How not to kill tomatoes

If you’ve read my blog over the years (seems unlikely, but if so – thanks!), then you know I have an on-again, off-again relationship with tomato growing. Assuming you don’t remember the whole melodramatic saga of our rocky romance – I try to put it out of mind, too – allow me to refresh your memory:

There was that year (2012) when we first built our raised beds when I had such high hopes and energy, and fought tooth and nail against tomato blight when it started to rear its head. The foliage mostly died that year but the tomatoes were delicious. Next season, having somehow forgotten the struggles of the previous year, I got excited about tomatoes again, only to lose the fight with blight, which broke my heart. (And yes, I had rotated the crop to a different bed and thrown the diseased plants in the garbage).

You’d think I’d finally learned when I swore off planting tomatoes the next year, but within 2 months I was rushing to buy some starts.

Last year, I finally managed to go tomato-free, and we made it just fine.

So now that you’re caught up, back to this year’s garden and the two gift tomato plants I received last month. They came with a recommendation to read “You Bet Your Garden Guide to Growing Great Tomatoes”, by Mike McGrath of the “You Bet Your Garden” podcast. In this book, I learned that everything I’ve ever done to a tomato plant was wrong, with a few exceptions. I’ve tried to implement a few of the tips in the book – such as spreading mulch around the bottom of the plants – and am trying out a new support system I got for $8 apiece – it’s meant to be assembled in a triangular shape, but you could easily expand it by snapping more sets together (kind of like legos for tomato cages!)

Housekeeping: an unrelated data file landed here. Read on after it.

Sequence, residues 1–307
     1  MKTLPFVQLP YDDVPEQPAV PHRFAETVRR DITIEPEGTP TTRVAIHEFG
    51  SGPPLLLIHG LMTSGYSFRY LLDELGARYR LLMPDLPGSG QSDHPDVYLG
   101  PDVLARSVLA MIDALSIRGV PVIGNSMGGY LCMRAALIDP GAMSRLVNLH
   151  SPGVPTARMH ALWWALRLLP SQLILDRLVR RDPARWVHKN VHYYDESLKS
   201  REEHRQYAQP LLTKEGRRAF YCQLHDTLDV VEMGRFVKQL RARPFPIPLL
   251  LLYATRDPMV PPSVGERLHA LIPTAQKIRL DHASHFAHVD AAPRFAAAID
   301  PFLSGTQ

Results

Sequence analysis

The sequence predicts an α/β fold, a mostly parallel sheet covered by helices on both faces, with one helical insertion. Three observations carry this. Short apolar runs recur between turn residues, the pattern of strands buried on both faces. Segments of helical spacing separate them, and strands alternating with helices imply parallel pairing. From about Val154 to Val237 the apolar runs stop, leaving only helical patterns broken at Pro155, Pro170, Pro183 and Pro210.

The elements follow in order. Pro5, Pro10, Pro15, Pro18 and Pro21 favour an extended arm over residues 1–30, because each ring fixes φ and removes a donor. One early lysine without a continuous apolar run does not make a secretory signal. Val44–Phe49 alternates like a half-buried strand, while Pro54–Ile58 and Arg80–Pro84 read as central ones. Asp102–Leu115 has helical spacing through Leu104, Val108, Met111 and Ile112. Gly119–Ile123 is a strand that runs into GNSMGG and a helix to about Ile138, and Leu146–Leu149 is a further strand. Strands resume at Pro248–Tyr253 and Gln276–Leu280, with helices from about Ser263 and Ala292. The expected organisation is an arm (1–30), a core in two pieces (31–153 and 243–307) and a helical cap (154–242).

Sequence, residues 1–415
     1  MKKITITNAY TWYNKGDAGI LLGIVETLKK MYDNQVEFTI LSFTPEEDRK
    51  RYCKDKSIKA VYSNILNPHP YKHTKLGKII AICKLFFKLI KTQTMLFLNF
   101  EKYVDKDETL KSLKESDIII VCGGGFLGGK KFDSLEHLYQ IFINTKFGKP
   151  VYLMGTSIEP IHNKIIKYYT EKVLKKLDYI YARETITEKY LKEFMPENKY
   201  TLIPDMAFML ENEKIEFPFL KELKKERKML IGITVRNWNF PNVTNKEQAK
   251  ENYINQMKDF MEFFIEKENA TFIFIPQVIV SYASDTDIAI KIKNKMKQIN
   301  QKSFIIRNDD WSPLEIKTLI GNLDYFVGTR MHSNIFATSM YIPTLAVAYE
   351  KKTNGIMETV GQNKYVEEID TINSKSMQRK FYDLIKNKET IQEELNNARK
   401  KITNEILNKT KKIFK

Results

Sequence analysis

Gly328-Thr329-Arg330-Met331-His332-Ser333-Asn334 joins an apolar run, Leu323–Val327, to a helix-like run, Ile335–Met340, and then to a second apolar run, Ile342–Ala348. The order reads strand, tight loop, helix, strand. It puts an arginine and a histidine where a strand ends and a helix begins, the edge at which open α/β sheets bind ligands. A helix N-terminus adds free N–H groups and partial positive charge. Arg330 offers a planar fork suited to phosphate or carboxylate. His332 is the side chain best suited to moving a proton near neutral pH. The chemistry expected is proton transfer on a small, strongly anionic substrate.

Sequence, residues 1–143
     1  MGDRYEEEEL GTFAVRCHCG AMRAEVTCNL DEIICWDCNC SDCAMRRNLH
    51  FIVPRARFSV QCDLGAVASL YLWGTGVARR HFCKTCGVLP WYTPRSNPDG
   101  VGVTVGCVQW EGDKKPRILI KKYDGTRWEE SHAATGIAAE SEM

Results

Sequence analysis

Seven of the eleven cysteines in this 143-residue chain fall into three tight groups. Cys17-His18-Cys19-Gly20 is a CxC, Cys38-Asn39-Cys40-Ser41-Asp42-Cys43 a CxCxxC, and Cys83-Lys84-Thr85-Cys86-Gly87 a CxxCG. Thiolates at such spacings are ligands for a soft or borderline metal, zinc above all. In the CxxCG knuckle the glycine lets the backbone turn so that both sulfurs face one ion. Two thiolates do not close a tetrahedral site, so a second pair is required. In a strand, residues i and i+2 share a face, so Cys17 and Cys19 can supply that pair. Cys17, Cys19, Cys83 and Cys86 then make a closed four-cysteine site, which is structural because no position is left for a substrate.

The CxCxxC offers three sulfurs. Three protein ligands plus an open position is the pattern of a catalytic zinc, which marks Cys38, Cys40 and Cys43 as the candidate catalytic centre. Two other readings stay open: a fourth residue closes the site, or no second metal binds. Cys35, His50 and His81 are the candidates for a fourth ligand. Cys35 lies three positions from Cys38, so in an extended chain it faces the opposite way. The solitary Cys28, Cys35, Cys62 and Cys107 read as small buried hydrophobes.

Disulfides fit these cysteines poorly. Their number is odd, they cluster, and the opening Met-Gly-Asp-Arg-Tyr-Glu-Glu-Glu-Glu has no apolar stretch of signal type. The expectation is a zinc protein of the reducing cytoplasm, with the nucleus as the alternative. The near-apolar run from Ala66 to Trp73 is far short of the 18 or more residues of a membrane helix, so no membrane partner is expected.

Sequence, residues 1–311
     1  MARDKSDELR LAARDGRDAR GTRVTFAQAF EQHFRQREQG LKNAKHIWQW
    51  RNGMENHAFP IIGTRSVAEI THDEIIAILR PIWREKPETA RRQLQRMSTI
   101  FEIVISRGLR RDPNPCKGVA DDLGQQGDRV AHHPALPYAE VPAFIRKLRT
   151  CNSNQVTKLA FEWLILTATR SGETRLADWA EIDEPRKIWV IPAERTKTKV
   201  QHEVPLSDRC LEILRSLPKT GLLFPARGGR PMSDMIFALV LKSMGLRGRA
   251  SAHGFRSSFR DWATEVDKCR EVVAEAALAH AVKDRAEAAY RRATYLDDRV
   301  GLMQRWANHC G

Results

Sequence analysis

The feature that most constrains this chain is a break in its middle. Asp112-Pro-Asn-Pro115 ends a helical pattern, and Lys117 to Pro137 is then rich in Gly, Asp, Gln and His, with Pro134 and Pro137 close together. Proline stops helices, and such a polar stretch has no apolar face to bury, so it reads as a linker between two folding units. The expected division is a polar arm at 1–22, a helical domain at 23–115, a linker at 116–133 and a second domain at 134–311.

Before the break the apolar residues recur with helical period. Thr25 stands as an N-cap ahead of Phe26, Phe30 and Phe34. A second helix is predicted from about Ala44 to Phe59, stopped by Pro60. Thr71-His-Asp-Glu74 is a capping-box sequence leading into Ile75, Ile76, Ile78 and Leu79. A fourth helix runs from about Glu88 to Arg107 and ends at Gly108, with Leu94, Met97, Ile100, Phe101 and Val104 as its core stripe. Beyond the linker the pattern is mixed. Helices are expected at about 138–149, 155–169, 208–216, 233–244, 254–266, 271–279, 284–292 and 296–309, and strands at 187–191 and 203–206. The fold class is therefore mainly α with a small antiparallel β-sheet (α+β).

Tomatoes strawberries & garlic late May - NC Garden Gals

The tomatoes with their cages (to their left, abundant strawberries and garlic).

Off on this wild tomato-growing journey once again! I feel apprehensive, but as always, when the first fruits start to appear all the misery seems somehow worth it.

First baby tomato - NC Garden Gals

The first little fruits on the Cherokee Purple plant are starting to grow!


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